Back before the Internet, you accumulated a lot of steps and frequent flier miles searching for prior art. You had to hoof it to a patent office—in Washington, DC, not down the street! It made for fun trips to our nation’s capital, but added time and expense to the job.
Once there, you’d spend your time finding and manually reviewing the Manuals of Classifications. You’d lug a pushcart to the stacks. And you’d pull all the patent documents in every classification and sub-classification related to your investigation. A great way to burn calories! Too bad there weren’t Fitbits and Apple Watches back then.
Of course, your topic would be the one with hundreds of patents in its sub-classifications. So you’d haul a hulking pile of patents to a workstation and review each and every one of them, only to find most of the patents weren’t relevant to your topic anyway.
After you’d whittled the piles down to just the relevant prior art, you made copies of the patents and loaded everything back into the cart. But before you returned the documents in their exact proper order in the stacks, you had to cross-reference your lists to make sure you hadn’t overlooked anything.
That was a lot of work! And you still had to meet with a patent examiner for your art unit to see if they thought, heaven forbid, you may have missed any important prior art. Then, if you needed to search foreign patents or non-published literature, you had to perform additional searches. Investigate pending patents? Forget it. There was no way to find out what patents were in the works.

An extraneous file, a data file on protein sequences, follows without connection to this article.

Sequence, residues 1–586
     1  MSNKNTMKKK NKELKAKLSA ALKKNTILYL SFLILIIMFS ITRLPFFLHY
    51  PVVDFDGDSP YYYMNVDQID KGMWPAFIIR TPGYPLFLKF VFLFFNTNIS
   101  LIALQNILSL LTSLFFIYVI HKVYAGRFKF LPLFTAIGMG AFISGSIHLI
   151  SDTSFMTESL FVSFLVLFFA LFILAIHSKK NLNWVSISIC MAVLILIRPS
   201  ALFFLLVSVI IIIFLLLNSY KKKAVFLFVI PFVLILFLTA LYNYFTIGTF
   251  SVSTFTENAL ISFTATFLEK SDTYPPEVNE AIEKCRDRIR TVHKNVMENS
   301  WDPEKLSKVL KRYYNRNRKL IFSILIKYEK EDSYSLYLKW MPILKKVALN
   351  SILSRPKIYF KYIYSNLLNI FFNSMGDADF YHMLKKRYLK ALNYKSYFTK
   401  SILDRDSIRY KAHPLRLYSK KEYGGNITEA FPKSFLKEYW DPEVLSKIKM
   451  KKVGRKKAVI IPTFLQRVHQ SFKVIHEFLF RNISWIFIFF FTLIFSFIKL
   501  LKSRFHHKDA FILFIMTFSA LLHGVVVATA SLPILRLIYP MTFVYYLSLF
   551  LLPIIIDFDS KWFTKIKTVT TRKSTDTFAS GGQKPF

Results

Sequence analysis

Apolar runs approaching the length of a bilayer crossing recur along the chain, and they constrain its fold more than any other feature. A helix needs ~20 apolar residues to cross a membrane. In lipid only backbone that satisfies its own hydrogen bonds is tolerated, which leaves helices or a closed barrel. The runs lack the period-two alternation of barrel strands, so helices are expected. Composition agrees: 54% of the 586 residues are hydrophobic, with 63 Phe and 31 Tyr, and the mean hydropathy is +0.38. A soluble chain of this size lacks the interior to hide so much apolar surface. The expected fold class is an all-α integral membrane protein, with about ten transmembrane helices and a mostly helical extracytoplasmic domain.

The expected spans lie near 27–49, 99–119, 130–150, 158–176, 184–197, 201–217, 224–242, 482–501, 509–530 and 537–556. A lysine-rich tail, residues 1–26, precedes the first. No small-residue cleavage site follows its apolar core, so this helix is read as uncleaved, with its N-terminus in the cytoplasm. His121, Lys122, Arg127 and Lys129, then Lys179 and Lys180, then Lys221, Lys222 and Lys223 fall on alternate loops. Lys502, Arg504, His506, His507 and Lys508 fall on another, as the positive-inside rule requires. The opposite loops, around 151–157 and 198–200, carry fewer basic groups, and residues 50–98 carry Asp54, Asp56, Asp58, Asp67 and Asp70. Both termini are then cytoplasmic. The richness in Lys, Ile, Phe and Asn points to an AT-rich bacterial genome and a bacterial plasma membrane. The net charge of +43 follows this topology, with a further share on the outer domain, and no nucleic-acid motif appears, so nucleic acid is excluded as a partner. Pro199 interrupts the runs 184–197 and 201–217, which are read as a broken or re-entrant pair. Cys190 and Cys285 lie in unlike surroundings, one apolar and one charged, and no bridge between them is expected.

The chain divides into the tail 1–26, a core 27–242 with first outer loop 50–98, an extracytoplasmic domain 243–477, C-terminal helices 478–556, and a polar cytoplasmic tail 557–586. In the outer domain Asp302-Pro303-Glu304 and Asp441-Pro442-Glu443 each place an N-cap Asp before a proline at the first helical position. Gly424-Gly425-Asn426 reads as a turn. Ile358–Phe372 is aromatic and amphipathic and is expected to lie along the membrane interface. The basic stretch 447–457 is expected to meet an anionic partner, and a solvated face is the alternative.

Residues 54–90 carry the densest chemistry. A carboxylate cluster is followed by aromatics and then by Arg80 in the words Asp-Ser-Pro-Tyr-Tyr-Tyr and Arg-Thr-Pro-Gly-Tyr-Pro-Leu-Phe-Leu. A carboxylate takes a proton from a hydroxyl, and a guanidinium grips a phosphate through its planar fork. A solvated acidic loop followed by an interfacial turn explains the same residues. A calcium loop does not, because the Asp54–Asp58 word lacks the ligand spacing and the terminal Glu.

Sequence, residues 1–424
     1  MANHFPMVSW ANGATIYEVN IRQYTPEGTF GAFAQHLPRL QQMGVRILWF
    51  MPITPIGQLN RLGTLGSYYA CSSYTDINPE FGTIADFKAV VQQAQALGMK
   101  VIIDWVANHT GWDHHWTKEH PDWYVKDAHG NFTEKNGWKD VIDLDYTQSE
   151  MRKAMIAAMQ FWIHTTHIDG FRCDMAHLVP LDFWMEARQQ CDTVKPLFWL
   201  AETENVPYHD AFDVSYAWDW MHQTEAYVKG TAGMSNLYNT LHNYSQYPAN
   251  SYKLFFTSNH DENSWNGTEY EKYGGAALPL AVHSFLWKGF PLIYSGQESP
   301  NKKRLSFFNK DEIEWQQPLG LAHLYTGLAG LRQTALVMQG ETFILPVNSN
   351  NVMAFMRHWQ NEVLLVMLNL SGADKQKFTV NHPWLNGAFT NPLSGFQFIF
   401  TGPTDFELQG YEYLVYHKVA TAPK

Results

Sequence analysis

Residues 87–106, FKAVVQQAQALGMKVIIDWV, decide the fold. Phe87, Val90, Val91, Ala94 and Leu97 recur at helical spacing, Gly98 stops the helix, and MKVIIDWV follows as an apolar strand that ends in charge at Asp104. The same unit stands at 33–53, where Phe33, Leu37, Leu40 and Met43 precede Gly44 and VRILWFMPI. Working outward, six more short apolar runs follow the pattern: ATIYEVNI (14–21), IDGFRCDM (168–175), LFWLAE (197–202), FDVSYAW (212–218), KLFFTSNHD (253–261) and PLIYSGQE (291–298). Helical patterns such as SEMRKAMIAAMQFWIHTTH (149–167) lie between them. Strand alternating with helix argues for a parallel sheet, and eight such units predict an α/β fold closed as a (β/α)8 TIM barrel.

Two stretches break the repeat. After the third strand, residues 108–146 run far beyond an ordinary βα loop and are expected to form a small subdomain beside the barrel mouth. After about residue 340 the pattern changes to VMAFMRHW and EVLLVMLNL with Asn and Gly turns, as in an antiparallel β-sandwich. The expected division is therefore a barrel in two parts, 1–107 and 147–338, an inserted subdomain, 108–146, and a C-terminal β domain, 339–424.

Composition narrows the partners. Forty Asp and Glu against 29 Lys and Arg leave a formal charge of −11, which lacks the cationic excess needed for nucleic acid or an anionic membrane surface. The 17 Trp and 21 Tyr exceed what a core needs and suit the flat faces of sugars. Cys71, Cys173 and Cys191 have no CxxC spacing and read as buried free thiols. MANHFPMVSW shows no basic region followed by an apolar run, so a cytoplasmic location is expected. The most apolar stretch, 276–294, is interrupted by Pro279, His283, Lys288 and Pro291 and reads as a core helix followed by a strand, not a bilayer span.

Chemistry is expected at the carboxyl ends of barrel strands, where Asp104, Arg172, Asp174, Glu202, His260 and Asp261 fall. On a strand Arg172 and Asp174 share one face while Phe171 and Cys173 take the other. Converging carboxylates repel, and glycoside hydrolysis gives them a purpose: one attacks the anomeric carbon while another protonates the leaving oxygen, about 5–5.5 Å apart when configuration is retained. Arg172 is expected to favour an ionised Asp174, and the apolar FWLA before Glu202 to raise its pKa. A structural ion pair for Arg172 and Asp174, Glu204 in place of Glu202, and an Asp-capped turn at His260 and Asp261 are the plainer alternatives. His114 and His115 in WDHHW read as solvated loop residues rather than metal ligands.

Time spent completing two patent searches? Eight hours, on a good day.
Isn’t technology grand? Human + Artificial Intelligence
Before the Internet, it took a lot of time-consuming steps (literally and figuratively) to conduct a prior art search, which meant you could complete only one or two searches in a day.
Happily, patent searching has become increasingly productive and efficient since the 1990s so that now, you can conduct a comprehensive search in minutes or an hour or two, depending on the topic. Fewer trips to DC and visits with a patent examiner? Sure. More time to get more work done? Definitely.
And with semantic search engines, you get more relevant, targeted results than with the original command and Boolean search methods only. Instead of just a list of issued patents, semantic search results provide strategic business insights and competitive intelligence. The papers you had to dig through at the US Patent Office in the 1980s sure didn’t provide that type of insight.
So while today’s fast and efficient patent search processes don’t add steps to your Fitbit, they do help add profits to your bottom line. And now, you can save the trips to DC for sightseeing.